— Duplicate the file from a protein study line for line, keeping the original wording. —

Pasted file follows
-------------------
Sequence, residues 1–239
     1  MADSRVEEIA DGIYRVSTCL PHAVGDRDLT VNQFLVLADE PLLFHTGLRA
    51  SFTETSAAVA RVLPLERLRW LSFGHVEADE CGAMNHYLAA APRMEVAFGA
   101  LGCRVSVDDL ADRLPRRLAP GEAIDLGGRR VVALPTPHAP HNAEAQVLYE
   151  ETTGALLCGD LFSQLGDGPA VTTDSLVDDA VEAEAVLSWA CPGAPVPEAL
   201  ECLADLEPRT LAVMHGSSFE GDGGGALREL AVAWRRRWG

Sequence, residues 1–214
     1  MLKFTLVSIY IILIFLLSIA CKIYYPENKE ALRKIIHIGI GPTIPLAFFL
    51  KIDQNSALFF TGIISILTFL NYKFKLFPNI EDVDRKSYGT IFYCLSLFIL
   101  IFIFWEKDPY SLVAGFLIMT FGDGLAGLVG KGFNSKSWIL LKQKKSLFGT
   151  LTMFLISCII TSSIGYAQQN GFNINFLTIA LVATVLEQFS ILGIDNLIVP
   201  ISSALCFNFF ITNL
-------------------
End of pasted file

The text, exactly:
Sequence, residues 1–239
     1  MADSRVEEIA DGIYRVSTCL PHAVGDRDLT VNQFLVLADE PLLFHTGLRA
    51  SFTETSAAVA RVLPLERLRW LSFGHVEADE CGAMNHYLAA APRMEVAFGA
   101  LGCRVSVDDL ADRLPRRLAP GEAIDLGGRR VVALPTPHAP HNAEAQVLYE
   151  ETTGALLCGD LFSQLGDGPA VTTDSLVDDA VEAEAVLSWA CPGAPVPEAL
   201  ECLADLEPRT LAVMHGSSFE GDGGGALREL AVAWRRRWG

Sequence, residues 1–214
     1  MLKFTLVSIY IILIFLLSIA CKIYYPENKE ALRKIIHIGI GPTIPLAFFL
    51  KIDQNSALFF TGIISILTFL NYKFKLFPNI EDVDRKSYGT IFYCLSLFIL
   101  IFIFWEKDPY SLVAGFLIMT FGDGLAGLVG KGFNSKSWIL LKQKKSLFGT
   151  LTMFLISCII TSSIGYAQQN GFNINFLTIA LVATVLEQFS ILGIDNLIVP
   201  ISSALCFNFF ITNL